This chicken dish had a similar flavor to the sweet and sour chicken that can be found in American-style Chinese cuisine at home.
Lanzhou is famous for their spicy beef noodles. Do you see all of those peppers in there? Needless to say. the dish lived up to it’s name.
There were lots of exotic fruits in the supermarket in Lanzhou. The name of this one is hard to pronounce let alone spell, but know that it has a texture reminiscent of a cantaloupe.
A demonstration on how they make the famous noodles in a Lanzhou restaurant.
The noodles are stretched until they reach about three feet in length and are then dumped into a boiling vat of water. The noodle broth is sometimes brought out separately for diners to sip on after their meal, as it is believed to be good for digestion.
This beautiful piece of fruit is known as Dragon Fruit. It is very common throughout Asia and, once opened, has white flesh with black seeds.
To this day it is unclear as to what exactly this dish contained. There was some sort of meat on the bottom and some sort of glutinous texture on the top. Whether or not the latter came from an animal or not, I really do not ever want to know.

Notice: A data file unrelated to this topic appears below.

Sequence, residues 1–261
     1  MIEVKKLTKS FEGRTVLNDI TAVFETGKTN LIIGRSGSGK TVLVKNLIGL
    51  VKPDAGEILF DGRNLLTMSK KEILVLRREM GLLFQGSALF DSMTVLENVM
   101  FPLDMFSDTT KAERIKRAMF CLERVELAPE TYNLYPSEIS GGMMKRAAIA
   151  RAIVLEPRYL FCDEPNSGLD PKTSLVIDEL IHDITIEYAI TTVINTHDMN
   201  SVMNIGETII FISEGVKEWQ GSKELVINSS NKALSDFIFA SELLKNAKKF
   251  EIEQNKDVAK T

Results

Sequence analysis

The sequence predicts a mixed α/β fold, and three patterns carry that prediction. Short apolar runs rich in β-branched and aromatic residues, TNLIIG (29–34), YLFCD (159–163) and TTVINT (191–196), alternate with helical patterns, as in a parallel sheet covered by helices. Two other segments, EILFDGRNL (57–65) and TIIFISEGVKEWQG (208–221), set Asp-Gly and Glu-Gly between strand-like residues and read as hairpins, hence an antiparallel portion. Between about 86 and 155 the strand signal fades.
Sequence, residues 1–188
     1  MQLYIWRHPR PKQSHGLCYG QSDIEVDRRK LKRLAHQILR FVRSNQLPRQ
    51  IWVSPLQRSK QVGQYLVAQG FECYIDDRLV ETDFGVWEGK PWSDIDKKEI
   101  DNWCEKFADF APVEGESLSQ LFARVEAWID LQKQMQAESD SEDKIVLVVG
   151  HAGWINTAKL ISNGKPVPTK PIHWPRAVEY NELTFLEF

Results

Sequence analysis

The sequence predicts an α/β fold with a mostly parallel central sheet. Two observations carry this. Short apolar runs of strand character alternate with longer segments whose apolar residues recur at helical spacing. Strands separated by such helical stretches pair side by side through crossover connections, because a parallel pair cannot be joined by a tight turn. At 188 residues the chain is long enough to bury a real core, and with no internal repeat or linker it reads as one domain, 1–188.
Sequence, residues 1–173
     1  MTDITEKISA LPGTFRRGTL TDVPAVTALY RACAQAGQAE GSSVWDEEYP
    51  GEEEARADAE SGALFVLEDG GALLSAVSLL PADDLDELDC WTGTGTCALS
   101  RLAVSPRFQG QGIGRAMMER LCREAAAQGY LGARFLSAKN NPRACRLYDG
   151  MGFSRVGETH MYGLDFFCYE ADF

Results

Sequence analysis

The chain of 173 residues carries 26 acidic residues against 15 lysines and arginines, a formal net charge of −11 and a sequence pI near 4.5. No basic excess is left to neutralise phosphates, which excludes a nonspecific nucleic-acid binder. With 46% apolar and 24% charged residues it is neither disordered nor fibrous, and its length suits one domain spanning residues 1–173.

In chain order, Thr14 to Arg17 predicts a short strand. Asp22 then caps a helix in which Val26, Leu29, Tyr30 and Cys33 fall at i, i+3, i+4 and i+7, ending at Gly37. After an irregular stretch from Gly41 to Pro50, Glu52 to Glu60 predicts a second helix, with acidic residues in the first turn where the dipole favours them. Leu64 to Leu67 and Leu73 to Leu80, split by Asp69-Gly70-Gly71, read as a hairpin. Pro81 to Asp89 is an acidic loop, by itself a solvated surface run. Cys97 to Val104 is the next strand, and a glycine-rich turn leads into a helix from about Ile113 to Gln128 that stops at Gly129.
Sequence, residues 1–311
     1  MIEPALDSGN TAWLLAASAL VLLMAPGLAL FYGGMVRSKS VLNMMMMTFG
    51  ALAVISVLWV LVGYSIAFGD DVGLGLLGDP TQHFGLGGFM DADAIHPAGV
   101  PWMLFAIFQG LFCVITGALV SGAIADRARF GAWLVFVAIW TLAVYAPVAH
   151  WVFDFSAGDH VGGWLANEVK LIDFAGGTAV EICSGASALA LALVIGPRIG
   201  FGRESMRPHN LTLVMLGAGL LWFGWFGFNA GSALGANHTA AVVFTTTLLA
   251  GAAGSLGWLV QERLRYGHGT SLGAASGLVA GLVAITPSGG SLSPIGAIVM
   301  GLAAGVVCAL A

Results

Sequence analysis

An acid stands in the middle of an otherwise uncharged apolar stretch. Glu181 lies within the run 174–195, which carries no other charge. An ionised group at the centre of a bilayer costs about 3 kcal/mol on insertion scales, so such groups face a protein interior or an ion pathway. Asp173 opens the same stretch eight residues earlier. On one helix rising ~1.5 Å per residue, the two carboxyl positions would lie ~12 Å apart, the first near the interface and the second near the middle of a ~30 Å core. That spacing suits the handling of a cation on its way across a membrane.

This is a delicacy of Lanzhou, raw jellyfish in a light, refreshing broth. The texture was surprisingly crunchy, but the overall flavor was surprisingly delicious.
A fruit plate with an assortment of melons, tomatoes and pieces of Dragon Fruit.
Spicy beef is one of the most popular dishes in Lanzhou, China.
A local man and his wife ran this food stand right outside of a popular dumpling restaurant.
There was never a shortage of fresh fruit in the outdoor markets, watermelon being no exception.
Contrary to what you might think, this is not the Chinese take on spaghetti and meatballs. The noodles were thicker than the traditional ones found in Lanzhou and the meat was held together with an unidentifiable ingredient other than breadcrumbs.
Perpetuating the American Fast Food stereotype? Perhaps. I was insanely curious, however, and surprised to find that I actually enjoyed the chicken more at the KFC in China than the KFC back home.
The apricots found in Lanzhou were a vibrant orange and pink.
Trying one of these shish kebabs in the Muslim market took a little bit of courage. Nothing says foodborne illness quite like a large quantity of raw meat sitting in the open, unrefrigerated.
Here we have a street-style Chinese breakfast. Lighter and crispier than a crepe or a pancake, this egg-based tortilla was filled with herbs and vegetables.
To prevent the egg from burning, a scraper was used to lift the tortilla off of the hot skillet after only a minute or so.
This is the kind of food you’ll find on your late night walk coming back from the karaoke bars in Lanzhou.
Colorful, unexpected, and at times questionable, the food in China was definitely unforgettable.